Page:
Security Configuration Guide: Access Control Lists, Cisco IOS XE Release 3S
IPv6 ACL Chaining with a Common ACL
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IPv6 ACL Chaining with a Common ACL

IPv6 ACL Chaining with a Common ACL

ACL Chaining, also known as Multi-Access Control List (ACL), allows you to split ACLs. This document describes how with the IPv6 ACL Chaining Support feature, you can explicitly split ACLs into common and user-specific ACLs and bind both ACLs to a target for traffic filtering on a device. In this way, the common ACLs in Ternary Content Addressable Memory (TCAM) are shared by multiple targets, thereby reducing the resource usage.

Finding Feature Information

Your software release may not support all the features documented in this module. For the latest caveats and feature information, see Bug Search Tool and the release notes for your platform and software release. To find information about the features documented in this module, and to see a list of the releases in which each feature is supported, see the feature information table at the end of this module.

Use Cisco Feature Navigator to find information about platform support and Cisco software image support. To access Cisco Feature Navigator, go to www.cisco.com/​go/​cfn. An account on Cisco.com is not required.

Information About IPv6 ACL Chaining with a Common ACL

ACL Chaining Overview

The packet filter process supports only a single Access control list (ACL) to be applied per direction and per protocol on an interface. This leads to manageability and scalability issues if there are common ACL entries needed on many interfaces. Duplicate Access control entries (ACEs) are configured for all those interfaces, and any modification to the common ACEs needs to be performed for all ACLs.

A typical ACL on the edge box for an Internet Service Provider (ISP) has two sets of ACEs:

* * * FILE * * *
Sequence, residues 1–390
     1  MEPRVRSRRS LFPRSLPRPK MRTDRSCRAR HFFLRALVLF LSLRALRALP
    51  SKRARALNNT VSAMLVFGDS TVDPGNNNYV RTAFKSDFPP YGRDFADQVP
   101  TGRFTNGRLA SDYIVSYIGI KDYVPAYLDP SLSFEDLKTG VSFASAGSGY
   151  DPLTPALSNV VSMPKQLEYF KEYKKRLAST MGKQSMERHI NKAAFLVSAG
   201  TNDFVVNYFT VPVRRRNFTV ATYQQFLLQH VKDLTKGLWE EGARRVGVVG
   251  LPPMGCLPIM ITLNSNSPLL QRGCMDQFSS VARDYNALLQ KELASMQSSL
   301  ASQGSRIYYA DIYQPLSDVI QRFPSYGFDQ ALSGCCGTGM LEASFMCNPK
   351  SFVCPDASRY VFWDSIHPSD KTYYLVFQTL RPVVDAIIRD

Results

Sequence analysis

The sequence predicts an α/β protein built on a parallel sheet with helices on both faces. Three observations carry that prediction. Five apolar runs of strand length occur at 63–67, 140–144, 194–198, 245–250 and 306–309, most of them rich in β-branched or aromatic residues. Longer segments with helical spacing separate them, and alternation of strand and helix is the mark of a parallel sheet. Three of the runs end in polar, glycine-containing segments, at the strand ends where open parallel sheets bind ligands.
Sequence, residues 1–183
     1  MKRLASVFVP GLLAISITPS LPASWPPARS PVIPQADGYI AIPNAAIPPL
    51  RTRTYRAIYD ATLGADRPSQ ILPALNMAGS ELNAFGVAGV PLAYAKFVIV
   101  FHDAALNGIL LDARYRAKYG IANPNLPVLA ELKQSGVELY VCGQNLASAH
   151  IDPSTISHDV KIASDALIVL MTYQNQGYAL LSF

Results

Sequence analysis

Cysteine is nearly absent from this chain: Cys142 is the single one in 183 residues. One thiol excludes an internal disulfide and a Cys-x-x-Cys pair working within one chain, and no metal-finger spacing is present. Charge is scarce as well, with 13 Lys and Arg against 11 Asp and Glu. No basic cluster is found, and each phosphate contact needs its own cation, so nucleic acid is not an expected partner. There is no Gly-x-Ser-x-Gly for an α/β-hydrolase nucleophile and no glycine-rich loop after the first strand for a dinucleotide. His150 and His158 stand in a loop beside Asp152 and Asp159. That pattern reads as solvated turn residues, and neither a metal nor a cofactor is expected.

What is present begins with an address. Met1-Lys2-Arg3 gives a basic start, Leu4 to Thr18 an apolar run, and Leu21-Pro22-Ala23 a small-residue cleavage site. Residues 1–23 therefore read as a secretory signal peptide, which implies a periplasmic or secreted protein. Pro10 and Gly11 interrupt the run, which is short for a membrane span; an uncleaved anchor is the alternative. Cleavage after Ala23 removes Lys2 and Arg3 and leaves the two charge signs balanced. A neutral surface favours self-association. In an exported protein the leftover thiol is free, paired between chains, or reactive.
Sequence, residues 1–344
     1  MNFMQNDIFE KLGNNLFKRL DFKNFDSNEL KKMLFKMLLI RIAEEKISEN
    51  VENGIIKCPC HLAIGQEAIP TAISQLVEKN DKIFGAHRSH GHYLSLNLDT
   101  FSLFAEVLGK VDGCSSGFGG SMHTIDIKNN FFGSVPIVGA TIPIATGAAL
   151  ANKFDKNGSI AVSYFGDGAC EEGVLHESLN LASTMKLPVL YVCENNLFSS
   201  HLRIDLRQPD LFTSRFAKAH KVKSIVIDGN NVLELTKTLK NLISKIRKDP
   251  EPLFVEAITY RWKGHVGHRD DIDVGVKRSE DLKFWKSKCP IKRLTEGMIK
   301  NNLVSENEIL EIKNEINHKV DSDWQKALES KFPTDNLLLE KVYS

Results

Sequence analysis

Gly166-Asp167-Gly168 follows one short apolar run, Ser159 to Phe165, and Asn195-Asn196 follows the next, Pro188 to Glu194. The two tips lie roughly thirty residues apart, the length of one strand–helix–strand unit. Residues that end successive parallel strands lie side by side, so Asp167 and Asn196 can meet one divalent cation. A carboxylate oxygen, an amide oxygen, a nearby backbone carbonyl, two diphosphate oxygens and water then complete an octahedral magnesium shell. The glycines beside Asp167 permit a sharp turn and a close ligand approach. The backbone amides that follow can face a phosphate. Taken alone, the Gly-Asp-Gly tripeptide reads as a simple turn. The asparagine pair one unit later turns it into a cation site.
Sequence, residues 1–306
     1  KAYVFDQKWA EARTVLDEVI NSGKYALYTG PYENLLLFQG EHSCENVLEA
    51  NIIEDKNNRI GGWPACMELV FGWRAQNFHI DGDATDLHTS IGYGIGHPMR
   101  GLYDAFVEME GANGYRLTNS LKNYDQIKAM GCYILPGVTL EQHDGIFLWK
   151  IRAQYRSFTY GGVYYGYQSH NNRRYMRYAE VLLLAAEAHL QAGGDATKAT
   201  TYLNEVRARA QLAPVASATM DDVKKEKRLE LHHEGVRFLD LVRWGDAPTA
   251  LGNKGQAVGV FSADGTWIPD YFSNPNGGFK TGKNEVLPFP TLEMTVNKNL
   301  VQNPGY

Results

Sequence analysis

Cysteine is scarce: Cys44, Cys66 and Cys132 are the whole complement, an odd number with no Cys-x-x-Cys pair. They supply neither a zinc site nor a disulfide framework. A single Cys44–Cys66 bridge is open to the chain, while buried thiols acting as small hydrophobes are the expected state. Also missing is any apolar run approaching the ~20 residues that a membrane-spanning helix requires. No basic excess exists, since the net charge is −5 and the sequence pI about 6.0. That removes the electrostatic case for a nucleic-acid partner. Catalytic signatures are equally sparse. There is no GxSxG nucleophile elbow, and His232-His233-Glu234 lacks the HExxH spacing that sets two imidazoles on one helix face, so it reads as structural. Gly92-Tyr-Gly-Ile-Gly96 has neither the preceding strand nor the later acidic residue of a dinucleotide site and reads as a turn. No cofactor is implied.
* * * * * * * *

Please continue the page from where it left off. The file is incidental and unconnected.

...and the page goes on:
• Common ISP specific ACEs
  • Customer/interface specific ACEs

The purpose of these address blocks is to deny access to ISP's protected infrastructure networks and anti-spoofing protection by allowing only customer source address blocks. This results in configuring unique ACL per interface and most of the ACEs being common across all ACLs on a device. ACL provisioning and modification is very cumbersome, hence, any changes to the ACE impacts every target.

IPv6 ACL Chaining with a Common ACL

With IPv6 ACL Chaining, you can configure a traffic filter with the following:

  • Common ACL
  • Specific ACL
  • Common and Specific ACL

Each Access control list (ACL) is matched in a sequence. For example, if you have specified both the ACLs - a common and a specific ACL, the packet is first matched against the common ACL; if a match is not found, it is then matched against the specific ACL.


Note


Any IPv6 ACL may be configured on a traffic filter as a common or specific ACL. However, the same ACL cannot be specified on the same traffic filter as both common and specific.

How to Configure IPv6 ACL Chaining with a Common ACL

Before You Begin
IPv6 ACL chaining is configured on an interface using an extension of the existing IPv6 traffic-filter command: ipv6 traffic-filter [common common-acl] [specific-acl] [ in | out]

Note


You may choose to configure either of the following:
  • Only a common ACL. For example: ipv6 traffic-filter common common-acl
  • Only a specific ACL. For example: ipv6 traffic-filter common-acl
  • Both ACLs. For example: ipv6 traffic-filter common common-acl specific-acl

The ipv6 traffic-filter command is not additive. When you use the command, it replaces earlier instances of the command. For example, the command sequence: ipv6 traffic-filter [common common-acl] [specific-acl] in ipv6 traffic-filter [specific-acl] in binds a common ACL to the traffic filter, removes the common ACL and then binds a specific ACL.

Configuring the IPv6 ACL to an Interface

Perform this task to configure the interface to accept a common access control list (ACL) along with an interface-specific ACL:

SUMMARY STEPS

    1.    enable

    2.    configure terminal